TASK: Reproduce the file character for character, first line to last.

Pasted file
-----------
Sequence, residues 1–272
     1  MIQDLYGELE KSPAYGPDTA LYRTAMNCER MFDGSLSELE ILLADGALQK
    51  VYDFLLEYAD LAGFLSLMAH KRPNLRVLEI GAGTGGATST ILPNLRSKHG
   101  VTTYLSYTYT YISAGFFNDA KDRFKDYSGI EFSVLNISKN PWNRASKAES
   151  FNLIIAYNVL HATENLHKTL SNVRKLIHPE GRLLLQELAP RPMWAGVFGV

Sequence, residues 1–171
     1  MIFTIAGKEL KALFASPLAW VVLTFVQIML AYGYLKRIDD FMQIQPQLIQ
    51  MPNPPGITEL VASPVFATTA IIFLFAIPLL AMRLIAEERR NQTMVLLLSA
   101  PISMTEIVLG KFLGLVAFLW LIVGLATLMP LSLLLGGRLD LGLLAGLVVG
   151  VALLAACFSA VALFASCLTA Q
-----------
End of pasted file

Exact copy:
Sequence, residues 1–272
     1  MIQDLYGELE KSPAYGPDTA LYRTAMNCER MFDGSLSELE ILLADGALQK
    51  VYDFLLEYAD LAGFLSLMAH KRPNLRVLEI GAGTGGATST ILPNLRSKHG
   101  VTTYLSYTYT YISAGFFNDA KDRFKDYSGI EFSVLNISKN PWNRASKAES
   151  FNLIIAYNVL HATENLHKTL SNVRKLIHPE GRLLLQELAP RPMWAGVFGV

Sequence, residues 1–171
     1  MIFTIAGKEL KALFASPLAW VVLTFVQIML AYGYLKRIDD FMQIQPQLIQ
    51  MPNPPGITEL VASPVFATTA IIFLFAIPLL AMRLIAEERR NQTMVLLLSA
   101  PISMTEIVLG KFLGLVAFLW LIVGLATLMP LSLLLGGRLD LGLLAGLVVG
   151  VALLAACFSA VALFASCLTA Q